Available component absorption cooler capable of producing the requisite cooling power, combined with a soundproof, insulated "fridge" containing a hot Mac or PC would cost more than the Mac or PC in many cases. Also, and this could be the killer -- without an extensive evaporative system to remove condensation (like a frost-free fridge), the resultant moisture in humid conditions could wreak havoc....

    Am now on the trail of a soundproof box with baffled silent fans and a nice glass door -- should be able to build it fairly cheap...
  15. Screws

    Screws Active Member

    Feb 16, 2001
    Home Page:
    Hey, Robert,

    Let us know of your progress on the baffled box idea. I'd like to make one for my Mac and hard drives.
  16. e-cue

    e-cue Active Member

    Oct 5, 2000
    Didn't Harrison Ford come up with something like this in "Mosquito Coast"?
  17. RL Wall

    RL Wall Guest

    Didn't see that one.

    I've chased enough other tails on this one -- I guess a trip to Blockbuster won't kill me...

    BTW, e-cue, what ever happened to your dead U47FET?

    :cool: RW :cool:
  18. Tommy P.

    Tommy P. Well-Known Member

    Jan 10, 2002
    Heat pipe, hmm? Its a great idea, as a matter of fact, lots O people think so...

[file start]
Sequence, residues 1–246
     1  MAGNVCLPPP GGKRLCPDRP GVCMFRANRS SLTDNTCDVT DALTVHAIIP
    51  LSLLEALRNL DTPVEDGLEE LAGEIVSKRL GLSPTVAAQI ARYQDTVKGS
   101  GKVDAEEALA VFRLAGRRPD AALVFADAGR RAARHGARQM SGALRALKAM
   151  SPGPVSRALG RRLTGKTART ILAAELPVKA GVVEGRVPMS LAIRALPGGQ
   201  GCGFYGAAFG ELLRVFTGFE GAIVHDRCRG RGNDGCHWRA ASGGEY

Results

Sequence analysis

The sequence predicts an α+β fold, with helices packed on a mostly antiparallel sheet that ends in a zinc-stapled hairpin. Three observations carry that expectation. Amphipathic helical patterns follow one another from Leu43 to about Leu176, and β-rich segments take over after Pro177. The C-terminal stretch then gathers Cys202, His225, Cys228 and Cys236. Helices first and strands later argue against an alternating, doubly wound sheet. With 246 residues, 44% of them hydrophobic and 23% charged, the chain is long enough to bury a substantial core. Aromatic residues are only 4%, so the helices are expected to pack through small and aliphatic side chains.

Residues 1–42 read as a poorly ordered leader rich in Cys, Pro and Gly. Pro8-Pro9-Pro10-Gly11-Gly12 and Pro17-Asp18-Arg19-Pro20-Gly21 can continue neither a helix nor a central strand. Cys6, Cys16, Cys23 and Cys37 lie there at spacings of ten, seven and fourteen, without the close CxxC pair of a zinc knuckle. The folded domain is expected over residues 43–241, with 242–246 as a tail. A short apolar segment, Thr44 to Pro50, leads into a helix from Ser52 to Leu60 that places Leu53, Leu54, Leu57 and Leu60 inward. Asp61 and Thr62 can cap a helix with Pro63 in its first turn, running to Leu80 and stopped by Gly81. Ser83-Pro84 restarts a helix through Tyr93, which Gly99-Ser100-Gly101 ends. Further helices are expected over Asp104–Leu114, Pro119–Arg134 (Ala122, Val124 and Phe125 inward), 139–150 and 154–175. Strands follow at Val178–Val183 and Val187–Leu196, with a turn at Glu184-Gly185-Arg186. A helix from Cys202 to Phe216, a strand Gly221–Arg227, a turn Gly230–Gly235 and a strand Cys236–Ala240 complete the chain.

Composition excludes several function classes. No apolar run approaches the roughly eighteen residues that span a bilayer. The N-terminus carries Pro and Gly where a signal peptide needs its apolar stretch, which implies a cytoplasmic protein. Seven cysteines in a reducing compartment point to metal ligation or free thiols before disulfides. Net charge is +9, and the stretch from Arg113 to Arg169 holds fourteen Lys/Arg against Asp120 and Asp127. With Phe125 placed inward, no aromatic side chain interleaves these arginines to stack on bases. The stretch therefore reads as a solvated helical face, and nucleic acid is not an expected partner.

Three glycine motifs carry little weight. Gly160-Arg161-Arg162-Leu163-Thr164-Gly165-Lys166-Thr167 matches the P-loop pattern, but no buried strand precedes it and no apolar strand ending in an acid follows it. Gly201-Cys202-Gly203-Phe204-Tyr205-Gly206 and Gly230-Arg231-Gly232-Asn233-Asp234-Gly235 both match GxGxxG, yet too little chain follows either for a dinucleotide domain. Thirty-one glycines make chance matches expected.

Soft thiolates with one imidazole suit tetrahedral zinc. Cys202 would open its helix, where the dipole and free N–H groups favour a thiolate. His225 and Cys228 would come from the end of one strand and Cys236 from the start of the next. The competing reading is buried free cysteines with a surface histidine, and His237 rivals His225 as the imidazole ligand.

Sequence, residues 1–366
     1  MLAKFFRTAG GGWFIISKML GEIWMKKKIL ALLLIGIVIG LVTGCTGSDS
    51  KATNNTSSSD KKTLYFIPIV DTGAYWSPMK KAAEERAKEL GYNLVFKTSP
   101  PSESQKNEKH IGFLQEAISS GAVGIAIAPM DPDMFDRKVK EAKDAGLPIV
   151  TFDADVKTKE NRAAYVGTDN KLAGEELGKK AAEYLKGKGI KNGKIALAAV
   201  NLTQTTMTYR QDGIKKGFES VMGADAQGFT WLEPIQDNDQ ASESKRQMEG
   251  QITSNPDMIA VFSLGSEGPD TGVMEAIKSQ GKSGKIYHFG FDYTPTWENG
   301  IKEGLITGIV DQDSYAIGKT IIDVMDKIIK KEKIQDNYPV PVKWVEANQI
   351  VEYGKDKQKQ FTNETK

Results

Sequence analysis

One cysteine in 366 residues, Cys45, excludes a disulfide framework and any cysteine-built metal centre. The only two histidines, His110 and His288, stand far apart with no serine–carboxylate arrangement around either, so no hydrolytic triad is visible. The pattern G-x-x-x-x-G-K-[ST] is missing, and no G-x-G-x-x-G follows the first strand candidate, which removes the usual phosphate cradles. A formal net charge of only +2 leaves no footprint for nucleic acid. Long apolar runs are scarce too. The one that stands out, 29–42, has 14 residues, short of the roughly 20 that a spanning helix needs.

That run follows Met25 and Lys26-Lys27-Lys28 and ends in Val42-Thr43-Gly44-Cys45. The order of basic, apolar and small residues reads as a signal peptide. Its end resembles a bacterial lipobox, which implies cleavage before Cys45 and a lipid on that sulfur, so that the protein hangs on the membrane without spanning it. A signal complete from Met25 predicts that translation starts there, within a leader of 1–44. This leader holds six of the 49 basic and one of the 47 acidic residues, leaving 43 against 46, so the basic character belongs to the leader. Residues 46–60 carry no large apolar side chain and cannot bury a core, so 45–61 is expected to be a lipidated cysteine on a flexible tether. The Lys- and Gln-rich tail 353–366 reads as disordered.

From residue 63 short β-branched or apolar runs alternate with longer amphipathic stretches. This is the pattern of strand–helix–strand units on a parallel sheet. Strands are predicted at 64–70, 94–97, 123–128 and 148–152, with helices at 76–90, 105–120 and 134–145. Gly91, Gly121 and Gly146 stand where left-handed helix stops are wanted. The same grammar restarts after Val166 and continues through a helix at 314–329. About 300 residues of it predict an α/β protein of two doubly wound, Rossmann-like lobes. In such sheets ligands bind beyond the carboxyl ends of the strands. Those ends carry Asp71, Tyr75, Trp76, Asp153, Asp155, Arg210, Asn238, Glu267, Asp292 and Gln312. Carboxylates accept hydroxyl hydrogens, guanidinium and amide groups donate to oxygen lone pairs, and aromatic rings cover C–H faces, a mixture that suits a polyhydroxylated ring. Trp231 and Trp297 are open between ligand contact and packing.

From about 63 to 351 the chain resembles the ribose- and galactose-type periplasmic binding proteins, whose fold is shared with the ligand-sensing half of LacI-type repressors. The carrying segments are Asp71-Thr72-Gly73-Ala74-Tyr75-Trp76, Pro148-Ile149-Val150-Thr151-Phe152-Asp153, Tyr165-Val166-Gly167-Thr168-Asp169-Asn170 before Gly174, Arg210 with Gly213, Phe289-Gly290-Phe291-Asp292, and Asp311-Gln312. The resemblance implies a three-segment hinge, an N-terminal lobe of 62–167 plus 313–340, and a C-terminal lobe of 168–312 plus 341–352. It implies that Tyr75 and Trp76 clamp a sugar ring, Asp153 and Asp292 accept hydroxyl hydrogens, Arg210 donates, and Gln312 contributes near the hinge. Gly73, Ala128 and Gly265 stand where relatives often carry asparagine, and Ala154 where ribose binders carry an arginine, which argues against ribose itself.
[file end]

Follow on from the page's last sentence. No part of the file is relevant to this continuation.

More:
(Dead Link Removed)
  19. RL Wall

    RL Wall Guest

    Similar, yes -- but most available heat pipe technologies require assisted airflow, e.g., fans, bringing us back to the noise we started with -- and they are not cheap. The DIY heatpipe guy you linked has my respect and his project looks like it has promise, but I'm not in his tinkering league. I do better with wood and foam than I ever could with copper and aluminum and refrigerant. My test gear consists of two ears and the palm of my hand to tell me if my idea is quiet and cool enough.

    I was also trying to find something relatively cheap -- but frankly, a cardboard box lined with styrofoam and crammed with cooler-cubes wasn't exactly what I had in mind. Maybe if I was on the street and running a home recording studio out of my shopping cart..... nah.